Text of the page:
Levels of the virus that causes COVID-19 have declined over time in U.S. patients, which could explain the lower number of intensive care admissions and overall mortality rates compared to when the virus first appeared, researchers claim.
The study, conducted by researchers at Wayne State University and presented to the European Society of Clinical Microbiology and Infectious Diseases, relied on nasal swabs taken from hospital patients in Detroit between April 4 and June 5. They then rated all samples that tested positive for SARS -CoV-2 during this period and found a progressive decrease in the number of samples classified as having a high viral load.
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“By the fifth week of the study, 70% of the positive samples had an initial low viral load,”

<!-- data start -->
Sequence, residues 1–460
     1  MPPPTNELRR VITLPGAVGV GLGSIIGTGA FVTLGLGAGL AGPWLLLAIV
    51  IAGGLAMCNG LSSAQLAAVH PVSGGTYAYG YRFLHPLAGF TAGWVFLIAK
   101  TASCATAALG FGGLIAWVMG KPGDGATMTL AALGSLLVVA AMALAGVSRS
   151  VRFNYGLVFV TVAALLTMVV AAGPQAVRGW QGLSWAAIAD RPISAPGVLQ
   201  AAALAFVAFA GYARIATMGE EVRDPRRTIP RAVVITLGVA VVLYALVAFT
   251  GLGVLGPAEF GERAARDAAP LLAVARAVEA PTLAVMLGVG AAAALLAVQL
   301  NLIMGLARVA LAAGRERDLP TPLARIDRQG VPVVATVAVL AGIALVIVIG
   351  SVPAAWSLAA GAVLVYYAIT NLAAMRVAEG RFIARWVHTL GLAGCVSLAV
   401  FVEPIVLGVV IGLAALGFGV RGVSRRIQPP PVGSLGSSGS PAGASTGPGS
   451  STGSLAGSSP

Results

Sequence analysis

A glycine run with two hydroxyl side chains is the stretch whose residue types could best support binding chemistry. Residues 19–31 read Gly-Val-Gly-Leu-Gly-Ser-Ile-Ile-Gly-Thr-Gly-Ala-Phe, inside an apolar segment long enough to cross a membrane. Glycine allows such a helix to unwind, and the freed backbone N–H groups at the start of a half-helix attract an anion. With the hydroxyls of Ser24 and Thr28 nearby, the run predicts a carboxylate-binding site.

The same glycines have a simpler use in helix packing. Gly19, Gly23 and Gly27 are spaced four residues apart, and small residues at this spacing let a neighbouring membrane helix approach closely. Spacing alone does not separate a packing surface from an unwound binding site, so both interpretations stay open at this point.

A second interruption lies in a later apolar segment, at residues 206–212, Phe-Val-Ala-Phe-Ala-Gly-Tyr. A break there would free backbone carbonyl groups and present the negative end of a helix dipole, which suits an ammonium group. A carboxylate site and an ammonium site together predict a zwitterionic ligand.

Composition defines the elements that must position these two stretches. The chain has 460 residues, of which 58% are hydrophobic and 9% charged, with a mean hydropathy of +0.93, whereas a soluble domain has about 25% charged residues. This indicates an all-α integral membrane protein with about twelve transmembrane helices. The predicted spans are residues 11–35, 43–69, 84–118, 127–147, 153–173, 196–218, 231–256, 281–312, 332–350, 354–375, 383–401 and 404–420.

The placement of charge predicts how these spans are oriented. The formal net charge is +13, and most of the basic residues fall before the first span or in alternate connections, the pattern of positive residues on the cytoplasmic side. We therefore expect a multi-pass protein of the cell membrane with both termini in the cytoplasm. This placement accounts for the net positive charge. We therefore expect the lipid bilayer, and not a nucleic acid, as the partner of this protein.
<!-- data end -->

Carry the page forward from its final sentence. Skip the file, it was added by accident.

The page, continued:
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The authors acknowledged that confusing variables were not included in their observations, but that the results suggest an association between initial viral load and mortality.
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“Exact reasons for a decrease in the initial viral load over time are unclear,” said Dr. El Zein, lead author of the study. “A downward trend in the initial viral load can reflect a decrease in the severity of the pandemic, and trends in viral load values over time can provide a marker for assessing how the pandemic is progressing. The rapid implementation of social distancing measures, lockdowns, and widespread use of face masks may have contributed to reductions in exposure to the virus. “